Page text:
2. Haphazard Harvard
We may not be Ivy League material, but we're not so dumb that we don't recognize that something strange is going on at
Sorry. Was that a double negative?
You see! Even writing about Harvard is making us self-conscious!
And they -- not us -- are the folks who wackily went from accelerating the IPO of its Harvard Apparatus Regenerative Technology (HART) unit last Tuesday to postponing it over "market conditions" this past Wednesday. Shares of the life sciences company sank 14% on the announcement to $4.78.
HART develops medical devices that are intended to grow organs outside of a body for transplant. Harvard Bioscience filed for the HART public offering in December, and in late March it said it expected the offering of 1.7 million shares to price at $10 to $12 each.
"HART will continue to pursue certain clinical development milestones, including a trachea transplant clinical trial plan agreement with the FDA, completion of surgeries with synthetic scaffolds manufactured by HART and completion of trachea transplant surgeries in the U.S. Harvard Bioscience will continue to explore alternatives related to its regenerative medicine device business, including the optimal timing and methodology of separating that business," said the company in a statement.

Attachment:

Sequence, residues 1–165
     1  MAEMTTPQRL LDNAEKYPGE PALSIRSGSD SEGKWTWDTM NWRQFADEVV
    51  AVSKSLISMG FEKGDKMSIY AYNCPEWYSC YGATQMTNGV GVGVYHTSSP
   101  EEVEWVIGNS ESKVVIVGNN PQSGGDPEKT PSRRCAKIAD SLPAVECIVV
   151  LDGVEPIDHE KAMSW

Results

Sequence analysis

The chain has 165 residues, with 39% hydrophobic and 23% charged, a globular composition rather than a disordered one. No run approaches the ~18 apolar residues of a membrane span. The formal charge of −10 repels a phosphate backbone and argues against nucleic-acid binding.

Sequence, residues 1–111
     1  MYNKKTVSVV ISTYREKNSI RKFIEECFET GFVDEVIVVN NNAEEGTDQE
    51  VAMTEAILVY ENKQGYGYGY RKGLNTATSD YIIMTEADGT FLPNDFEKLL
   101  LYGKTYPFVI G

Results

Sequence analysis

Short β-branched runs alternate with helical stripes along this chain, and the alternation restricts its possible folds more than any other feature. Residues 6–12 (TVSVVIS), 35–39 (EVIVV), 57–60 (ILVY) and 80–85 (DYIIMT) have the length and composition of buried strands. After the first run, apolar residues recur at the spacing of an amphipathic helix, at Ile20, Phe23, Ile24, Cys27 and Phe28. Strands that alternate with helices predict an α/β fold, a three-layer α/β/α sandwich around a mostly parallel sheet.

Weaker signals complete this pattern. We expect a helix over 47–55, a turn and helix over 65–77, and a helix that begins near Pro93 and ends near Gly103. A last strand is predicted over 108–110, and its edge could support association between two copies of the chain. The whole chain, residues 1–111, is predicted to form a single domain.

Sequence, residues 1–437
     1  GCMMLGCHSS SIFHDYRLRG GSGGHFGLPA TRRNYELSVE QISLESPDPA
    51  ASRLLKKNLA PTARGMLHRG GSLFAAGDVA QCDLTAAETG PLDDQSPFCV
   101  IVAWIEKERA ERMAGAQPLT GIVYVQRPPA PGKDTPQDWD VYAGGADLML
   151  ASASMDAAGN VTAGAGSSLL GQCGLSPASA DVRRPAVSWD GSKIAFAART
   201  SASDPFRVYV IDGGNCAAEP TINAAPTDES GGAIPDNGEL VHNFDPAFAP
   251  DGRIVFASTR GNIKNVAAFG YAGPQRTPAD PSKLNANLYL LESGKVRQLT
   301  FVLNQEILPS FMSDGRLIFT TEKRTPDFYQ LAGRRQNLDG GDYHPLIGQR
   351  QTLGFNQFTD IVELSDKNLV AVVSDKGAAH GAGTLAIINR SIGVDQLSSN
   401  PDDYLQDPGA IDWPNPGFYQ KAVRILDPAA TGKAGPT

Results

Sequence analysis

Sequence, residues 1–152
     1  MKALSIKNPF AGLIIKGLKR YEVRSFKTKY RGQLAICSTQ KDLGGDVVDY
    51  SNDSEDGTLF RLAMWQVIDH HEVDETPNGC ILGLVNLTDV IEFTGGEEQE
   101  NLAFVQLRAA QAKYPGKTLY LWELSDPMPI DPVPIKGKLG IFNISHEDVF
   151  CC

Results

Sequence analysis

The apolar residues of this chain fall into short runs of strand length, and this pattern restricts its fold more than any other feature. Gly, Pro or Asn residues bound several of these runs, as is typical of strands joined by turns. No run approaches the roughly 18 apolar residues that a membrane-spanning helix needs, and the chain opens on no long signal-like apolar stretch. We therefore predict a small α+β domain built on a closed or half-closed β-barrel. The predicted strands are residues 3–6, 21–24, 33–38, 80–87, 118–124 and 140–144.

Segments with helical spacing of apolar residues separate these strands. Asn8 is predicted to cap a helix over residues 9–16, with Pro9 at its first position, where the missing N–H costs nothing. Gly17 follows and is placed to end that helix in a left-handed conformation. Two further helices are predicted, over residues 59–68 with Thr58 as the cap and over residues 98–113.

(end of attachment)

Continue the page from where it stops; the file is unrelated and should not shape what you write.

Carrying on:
Once again, we may not be the sharpest tool in the shed, yet we still don't understand what happened in the past week that made the timing less than "optimal." If anything, the market environment could not be any more welcoming for the new issue.
hit its highest level ever this week, broaching the 1585 mark. Meanwhile, biotech stocks as measured by the
iShares Nasdaq Biotechnology Index ETF
are up over 2% in the past week and have risen almost 20% since the start of 2013.
Furthermore, the so-called "market conditions" seemed quite ripe for
Taylor Morrison Home Corp.
to pull the cord and sell 28.6 million shares to the public Wednesday, a full 20% more than previously planned. Taylor's underwriters priced it at $22 Tuesday night, the top of the range, and it finished 5% higher on Wednesday.
Seriously, if a homebuilder feels confident enough to take the plunge after the storm that hit that sector, then why would Harvard get cold feet when it's been nothing but blue skies for biotechs over the past decade?
You don't need a weatherman to know which way the wind blows.
You also don't need a Harvard degree to know when something funny is going on.